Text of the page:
The Lower Mississippi River Water Trail

Introduction

We paddlers are all the same: we are canoeists, kayakers, stand-up-paddleboarders, rafters.  We look for the same kinds of currents on the river, and enjoy the same kinds of remote islands.  We are slow, but efficient.  We know the river better than any other river pilots, at least the pieces of river we have paddled on.  Yet we have more in common with towboats than motorboats.  Regardless of what you paddle, the Rivergator will you help you find the essential landings and the obscure back channels that you would otherwise miss.  It will help you safely paddle around towboats, and choose the best line of travel to follow around the head-turning bends and intimidating dikes, wing dams, and other rock structures.  It will identify which islands to camp and which to avoid, and where the best picnic spots are found and where blue holes form.  It will lead you to places of prolific wildlife and mind-blowing beauty. It will help explain some of the mysterious motions of the biggest river in North America.  It’s written for canoeists and kayakers, but is readable enough to be enjoyed by any arm-chair adventurers including landowners, hunters, fishermen, communities along the route, historians, biologists, geologists, and other river-lovers.  The river is the key to understanding the history, the geography and the culture of the Mid-South.  It’s the first high speed “router.”  It connected our ancestors much like the internet does today.   It’s the original American highway, migration route, freight route, newspaper route, and trade route.  But it’s also a church, a sanctuary, a playground, a classroom.  The river is the rock star, and as such the Rivergator is a guide to help you interpret and enjoy the songs of the river!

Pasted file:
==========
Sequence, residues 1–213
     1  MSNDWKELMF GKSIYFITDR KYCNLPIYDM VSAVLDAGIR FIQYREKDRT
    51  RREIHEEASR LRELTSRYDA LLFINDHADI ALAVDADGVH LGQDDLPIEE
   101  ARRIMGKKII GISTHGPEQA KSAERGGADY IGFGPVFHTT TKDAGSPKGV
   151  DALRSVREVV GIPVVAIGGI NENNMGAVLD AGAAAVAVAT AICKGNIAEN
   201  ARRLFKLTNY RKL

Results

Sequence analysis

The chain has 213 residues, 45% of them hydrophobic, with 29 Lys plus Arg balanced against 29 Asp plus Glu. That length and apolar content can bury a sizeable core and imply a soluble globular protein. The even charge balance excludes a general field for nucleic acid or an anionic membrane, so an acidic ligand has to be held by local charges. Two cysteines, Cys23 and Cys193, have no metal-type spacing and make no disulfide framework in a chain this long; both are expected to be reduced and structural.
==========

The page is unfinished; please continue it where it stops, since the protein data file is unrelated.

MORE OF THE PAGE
Reading the Rivergator:

The Rivergator reads like a big river expedition, starting above St. Louis at the confluence of the Missouri and following the Middle and then Lower Mississippi downstream mile-by-mile.  (Note: we are currently in the second year of a four year project: ultimate start place will be St. Louis, with end place in the Gulf of Mexico, almost 1200 miles of free-flowing river)  The descriptions are factual and the information is the most up-to-date available, but I have tried to enliven the writing with “the feel” whenever possible.  Each piece is titled with headings in bold that include 1) the name of the important features along the way, 2) which side of the river it’s on, and 3) its mileage.   For example, “LBD Mile 736 Memphis, Tennessee, Mud Island Harbor.”  736 is the mileage above the head of passes near the Gulf of Mexico.  RBD=right bank descending and LBD=left bank descending.  Paddlers are offered many route choices beyond the main channel in the plethora of sluices, back channels, secret passages, and tributaries along the way, using Google maps for illustration.  On your laptop or home computer you could open two pages, one for the text and one for Google maps.  On the river you can switch back and forth on your smart phone.  Or you can print the text and use the US Army Corps’ Lower Mississippi Maps hard copy or online.  The Rivergator is three guides wrapped up into one, because every island, landing and riverbank has to be described in three different water levels, low, medium and high.  It provides paddling routes, as well as history, geography and culture.  The Mississippi fluctuates 40-50 vertical feet in any given year, with enormous changes as result, whole islands disappear in high water, while some good landings become fields of mud at low water.